The best pictures of Eton v Harrow at Lord’s offer a glimpse of the English upper classes at play, showing the affluent onlookers as well as the cricketers.
The first picture shows the crowds in their finery with the Lord’s pavilion in the background.

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Eton and Harrow Cricket match at Lord's

The second picture of the famous cricket match shows a fielder retrieving the ball from among a group of onlookers.

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A good hit – Eton and Harrow Cricket match at Lord's by W Bromley

The third picture shows a curious exchange at the boundary between a player and a lady spectator.

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A boundary hit – Eton and Harrow Cricket match at Lord's by Sydney P Hall

Many more pictures of cricket can be found at the Look and Learn picture library.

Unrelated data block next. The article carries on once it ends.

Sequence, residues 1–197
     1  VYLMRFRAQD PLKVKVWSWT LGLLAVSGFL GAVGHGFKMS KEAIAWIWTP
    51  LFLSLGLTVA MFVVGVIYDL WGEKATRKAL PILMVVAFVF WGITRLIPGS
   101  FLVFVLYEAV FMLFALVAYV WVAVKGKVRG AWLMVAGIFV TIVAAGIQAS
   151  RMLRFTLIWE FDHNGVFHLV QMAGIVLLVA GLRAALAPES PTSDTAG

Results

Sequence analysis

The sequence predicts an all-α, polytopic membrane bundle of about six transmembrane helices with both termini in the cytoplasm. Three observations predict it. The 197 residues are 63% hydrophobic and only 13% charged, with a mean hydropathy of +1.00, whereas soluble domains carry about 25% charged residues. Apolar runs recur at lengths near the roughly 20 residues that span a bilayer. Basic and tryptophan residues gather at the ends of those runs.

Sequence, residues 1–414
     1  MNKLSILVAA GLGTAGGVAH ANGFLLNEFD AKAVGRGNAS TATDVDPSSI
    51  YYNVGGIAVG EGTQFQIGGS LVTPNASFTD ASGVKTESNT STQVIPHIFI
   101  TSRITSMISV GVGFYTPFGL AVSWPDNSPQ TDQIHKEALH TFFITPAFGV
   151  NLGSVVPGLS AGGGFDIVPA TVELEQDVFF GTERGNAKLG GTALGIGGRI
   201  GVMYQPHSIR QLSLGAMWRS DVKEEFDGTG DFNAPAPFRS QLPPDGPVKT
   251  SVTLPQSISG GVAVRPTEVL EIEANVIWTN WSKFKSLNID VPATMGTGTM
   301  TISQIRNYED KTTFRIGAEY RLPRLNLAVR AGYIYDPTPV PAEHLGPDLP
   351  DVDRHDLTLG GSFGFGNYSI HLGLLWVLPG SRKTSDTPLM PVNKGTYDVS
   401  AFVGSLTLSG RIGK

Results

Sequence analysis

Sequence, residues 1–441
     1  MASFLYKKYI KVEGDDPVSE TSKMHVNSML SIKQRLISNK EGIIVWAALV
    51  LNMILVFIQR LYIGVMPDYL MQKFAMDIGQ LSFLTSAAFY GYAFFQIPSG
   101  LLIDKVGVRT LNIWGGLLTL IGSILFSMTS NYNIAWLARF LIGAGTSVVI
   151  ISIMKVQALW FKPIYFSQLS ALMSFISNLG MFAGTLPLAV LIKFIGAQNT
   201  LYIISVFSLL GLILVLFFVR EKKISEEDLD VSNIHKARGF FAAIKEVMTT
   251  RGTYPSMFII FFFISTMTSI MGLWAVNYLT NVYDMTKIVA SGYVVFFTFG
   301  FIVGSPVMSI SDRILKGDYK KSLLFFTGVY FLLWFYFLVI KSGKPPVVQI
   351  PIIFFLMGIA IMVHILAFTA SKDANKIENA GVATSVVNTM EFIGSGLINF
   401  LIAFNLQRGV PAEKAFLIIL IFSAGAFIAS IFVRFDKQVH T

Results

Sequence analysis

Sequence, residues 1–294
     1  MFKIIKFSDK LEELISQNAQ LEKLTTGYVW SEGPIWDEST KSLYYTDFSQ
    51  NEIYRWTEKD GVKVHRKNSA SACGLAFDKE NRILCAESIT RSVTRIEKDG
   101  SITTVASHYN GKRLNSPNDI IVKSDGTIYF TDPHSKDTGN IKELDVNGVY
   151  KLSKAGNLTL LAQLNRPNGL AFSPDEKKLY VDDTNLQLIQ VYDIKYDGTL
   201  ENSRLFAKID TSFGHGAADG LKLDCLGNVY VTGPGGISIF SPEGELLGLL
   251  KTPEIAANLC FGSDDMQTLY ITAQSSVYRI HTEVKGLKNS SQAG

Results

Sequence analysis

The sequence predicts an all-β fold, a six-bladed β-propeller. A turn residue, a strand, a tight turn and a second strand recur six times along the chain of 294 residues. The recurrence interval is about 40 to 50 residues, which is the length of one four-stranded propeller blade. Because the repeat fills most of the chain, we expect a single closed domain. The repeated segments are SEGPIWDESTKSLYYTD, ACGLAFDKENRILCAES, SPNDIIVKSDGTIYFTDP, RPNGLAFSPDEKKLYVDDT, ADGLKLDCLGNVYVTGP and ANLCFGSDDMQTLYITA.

The new dirt track dare-devils rode the reliable Rudge

Posted in Australia, Engineering, Historical articles, History, Sport, Sporting Heroes, Transport on Friday, 14 March 2014

This edited article about motor-cycles first appeared in Look and Learn issue number 589 published on 28 April 1973.

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Cornering on the dirt track

In the mid-1920s the Rudge Whitworth motorcycle catalogue advertised a rather unusual optional extra. This was the canoe sidecar – a canoe-shaped passenger carrying body which could be detached from the motorcycle and launched on a river!

Such ideas were typical of the factory which was always coming up with new ideas – and a surprising number of them worked; for right from the earliest days the engineers at the Coventry works seemed to have an instinct for doing a job well.